South Sudan former child soldier Philip Lako shares story to inspire other WA migrants
Storytelling is said to be the oldest form of education.
Throughout history, storytelling has bridged the gap between generations, often delivering both entertainment and a lesson.
Even when the subject matter is painful, communicating lived experience to others is something that people are drawn to; storytelling is healing for both the speaker and listener.
Public speaker, advocate and author Philip Lako has spent recent years sharing his story in the hope it will help people better understand the experience of migrants to Australia.
From child soldier to migrant advocate
Philip spent his early childhood living with his family in a small village in South Sudan.
At the age of 10, he was taken over by rebels under the guise of receiving an education.
Instead, he was kept and trained as a child soldier; for a decade, Philip was subjected to starvation and abuse at the hands of the adults who were supposed to be his caregivers.
Philip finally managed to escape to Kenya as a refugee, the beginning of what was to be an incredibly difficult four-year journey that eventually brought him to Australia.
In the years that followed, Philip went through a process many migrants to Australia are familiar with, and starting from scratch but motivated by hope, he set about building a life in a foreign country.
When asked why he now dedicates his energy to sharing such a difficult story, Philip says, “It’s definitely not easy … but of course we have to make some sacrifices.”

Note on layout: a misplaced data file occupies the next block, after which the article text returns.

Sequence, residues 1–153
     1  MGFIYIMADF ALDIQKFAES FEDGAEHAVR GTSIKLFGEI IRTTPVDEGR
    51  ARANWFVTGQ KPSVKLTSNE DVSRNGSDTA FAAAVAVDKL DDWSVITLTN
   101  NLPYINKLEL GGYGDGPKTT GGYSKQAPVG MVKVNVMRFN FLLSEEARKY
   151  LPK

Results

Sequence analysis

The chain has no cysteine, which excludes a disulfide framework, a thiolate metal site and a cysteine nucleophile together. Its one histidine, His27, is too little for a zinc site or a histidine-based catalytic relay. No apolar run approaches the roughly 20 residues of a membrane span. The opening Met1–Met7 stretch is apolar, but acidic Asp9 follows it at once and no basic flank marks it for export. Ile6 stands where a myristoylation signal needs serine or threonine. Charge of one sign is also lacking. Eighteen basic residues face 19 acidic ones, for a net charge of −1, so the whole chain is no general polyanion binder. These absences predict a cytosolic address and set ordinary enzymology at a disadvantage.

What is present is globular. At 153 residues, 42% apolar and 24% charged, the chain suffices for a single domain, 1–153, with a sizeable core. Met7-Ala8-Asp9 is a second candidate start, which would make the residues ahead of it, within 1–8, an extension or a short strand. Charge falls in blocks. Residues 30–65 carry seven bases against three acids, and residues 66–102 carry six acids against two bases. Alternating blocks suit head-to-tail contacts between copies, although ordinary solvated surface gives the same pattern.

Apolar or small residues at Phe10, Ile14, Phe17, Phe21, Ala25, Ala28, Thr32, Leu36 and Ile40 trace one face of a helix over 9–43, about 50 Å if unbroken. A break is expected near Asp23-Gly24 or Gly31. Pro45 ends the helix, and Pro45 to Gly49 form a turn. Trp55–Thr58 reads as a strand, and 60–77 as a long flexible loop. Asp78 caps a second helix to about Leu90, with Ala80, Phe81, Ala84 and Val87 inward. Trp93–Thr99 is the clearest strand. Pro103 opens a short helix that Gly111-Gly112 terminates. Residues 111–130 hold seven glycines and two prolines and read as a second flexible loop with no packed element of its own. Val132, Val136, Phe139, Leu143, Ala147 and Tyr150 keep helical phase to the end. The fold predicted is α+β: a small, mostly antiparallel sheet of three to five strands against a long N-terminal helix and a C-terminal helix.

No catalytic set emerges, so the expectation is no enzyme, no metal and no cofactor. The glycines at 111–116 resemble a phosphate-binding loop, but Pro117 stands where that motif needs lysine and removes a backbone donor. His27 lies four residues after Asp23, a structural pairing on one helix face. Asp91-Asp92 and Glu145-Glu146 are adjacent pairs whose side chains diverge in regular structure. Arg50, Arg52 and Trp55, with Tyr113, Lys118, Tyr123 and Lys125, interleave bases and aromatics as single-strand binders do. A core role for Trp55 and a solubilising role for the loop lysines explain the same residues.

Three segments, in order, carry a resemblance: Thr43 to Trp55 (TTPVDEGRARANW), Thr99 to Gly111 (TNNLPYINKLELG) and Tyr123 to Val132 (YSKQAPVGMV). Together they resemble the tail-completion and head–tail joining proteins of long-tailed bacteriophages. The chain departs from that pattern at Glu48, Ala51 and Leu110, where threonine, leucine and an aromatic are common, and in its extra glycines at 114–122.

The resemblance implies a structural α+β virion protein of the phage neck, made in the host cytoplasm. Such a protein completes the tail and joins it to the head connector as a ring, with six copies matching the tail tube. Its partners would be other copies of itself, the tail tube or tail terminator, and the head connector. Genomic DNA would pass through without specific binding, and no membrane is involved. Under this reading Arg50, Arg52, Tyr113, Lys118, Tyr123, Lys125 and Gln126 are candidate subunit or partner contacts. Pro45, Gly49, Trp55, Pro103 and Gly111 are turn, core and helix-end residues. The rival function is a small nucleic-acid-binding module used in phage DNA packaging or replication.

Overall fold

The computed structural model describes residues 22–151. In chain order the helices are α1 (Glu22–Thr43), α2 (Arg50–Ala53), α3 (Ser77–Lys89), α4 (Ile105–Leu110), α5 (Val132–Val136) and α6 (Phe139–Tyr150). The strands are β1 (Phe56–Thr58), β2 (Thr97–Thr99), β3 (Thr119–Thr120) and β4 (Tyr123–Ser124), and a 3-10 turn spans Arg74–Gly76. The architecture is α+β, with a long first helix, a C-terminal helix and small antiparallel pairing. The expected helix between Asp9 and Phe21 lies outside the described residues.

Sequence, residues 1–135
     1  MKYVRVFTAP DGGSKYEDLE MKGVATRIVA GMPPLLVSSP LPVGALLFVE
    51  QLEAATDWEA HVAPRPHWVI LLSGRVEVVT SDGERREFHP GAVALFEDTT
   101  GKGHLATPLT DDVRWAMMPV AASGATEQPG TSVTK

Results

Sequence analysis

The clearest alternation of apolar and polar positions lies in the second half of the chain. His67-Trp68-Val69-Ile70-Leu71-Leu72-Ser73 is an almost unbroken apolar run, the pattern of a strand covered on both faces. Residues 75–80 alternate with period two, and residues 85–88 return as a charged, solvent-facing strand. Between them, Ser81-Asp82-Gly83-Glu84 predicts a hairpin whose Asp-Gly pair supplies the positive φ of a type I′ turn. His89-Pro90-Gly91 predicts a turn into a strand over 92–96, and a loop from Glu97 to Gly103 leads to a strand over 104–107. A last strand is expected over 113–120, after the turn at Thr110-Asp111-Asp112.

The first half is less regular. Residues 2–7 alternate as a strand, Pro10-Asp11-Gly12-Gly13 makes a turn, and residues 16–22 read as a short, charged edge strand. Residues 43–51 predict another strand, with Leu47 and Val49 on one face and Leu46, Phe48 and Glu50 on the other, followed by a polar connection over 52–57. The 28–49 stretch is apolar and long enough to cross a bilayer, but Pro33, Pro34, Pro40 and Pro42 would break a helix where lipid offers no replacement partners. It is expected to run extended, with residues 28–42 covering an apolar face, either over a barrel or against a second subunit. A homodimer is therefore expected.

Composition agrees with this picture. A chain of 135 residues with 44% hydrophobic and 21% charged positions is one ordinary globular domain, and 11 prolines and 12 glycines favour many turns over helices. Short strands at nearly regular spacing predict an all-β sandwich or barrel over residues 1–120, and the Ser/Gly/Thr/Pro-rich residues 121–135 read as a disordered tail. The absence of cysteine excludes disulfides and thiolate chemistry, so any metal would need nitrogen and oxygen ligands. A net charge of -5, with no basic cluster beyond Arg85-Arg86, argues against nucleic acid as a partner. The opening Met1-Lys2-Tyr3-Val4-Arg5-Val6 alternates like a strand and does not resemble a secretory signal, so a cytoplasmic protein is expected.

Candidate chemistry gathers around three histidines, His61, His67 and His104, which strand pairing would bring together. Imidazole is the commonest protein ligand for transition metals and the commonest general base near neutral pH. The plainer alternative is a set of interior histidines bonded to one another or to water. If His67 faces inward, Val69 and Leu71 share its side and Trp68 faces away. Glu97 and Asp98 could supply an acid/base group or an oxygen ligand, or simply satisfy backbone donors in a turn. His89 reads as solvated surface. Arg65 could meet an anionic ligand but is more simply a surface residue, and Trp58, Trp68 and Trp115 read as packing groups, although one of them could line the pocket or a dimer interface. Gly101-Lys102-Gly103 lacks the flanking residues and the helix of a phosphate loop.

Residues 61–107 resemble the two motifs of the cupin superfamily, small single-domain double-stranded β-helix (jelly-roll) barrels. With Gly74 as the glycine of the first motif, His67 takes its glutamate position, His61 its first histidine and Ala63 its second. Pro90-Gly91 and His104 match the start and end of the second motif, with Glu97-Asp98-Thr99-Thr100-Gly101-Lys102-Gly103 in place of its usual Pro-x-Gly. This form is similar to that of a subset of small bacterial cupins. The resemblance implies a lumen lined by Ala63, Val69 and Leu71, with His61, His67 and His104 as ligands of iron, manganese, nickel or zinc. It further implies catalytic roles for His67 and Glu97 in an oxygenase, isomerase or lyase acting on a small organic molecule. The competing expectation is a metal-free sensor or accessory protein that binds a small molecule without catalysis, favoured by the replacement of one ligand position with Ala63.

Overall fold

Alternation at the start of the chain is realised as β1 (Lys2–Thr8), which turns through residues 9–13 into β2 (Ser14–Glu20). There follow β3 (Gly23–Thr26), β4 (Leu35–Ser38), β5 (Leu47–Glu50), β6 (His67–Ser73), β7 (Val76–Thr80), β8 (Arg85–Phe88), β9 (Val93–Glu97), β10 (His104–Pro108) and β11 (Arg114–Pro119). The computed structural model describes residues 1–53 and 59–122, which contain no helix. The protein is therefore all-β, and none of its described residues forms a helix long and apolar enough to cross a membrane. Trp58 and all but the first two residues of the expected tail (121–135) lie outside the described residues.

“[It’s] more about the people that are listening; the people that are going to hear this story.”
Philip explains that in sharing his story he hopes to bridge a gap between migrants and listeners who had not lived his experience.
“These are stories worth telling to remind those people, people that have never seen the other side of life … how other people live in those countries,” he says.
“Developed countries have [lived] comfortably for very long, and sometimes people easily get removed from the reality of life.”
Philip says he believes anyone who calls Australia home should make the effort to get to know people from other communities better.
“We are all human. We might look different, but every single person has the intent to have a good life, to have security, to be able to wake up and not have to worry about being bombarded,” he says.
Philip says compassion is key to making Australia a place people from all backgrounds can call home.
“This is the life circle, people go through these hurdles but the reality is everyone wants to get out of that, to get a better life,” he says.
“We need to give people a second chance.”
Despite being a society that outwardly prides itself on its multiculturalism, migrant stories have long been marginalized in Australia, but the push for migrant voices to be heard is gaining momentum.
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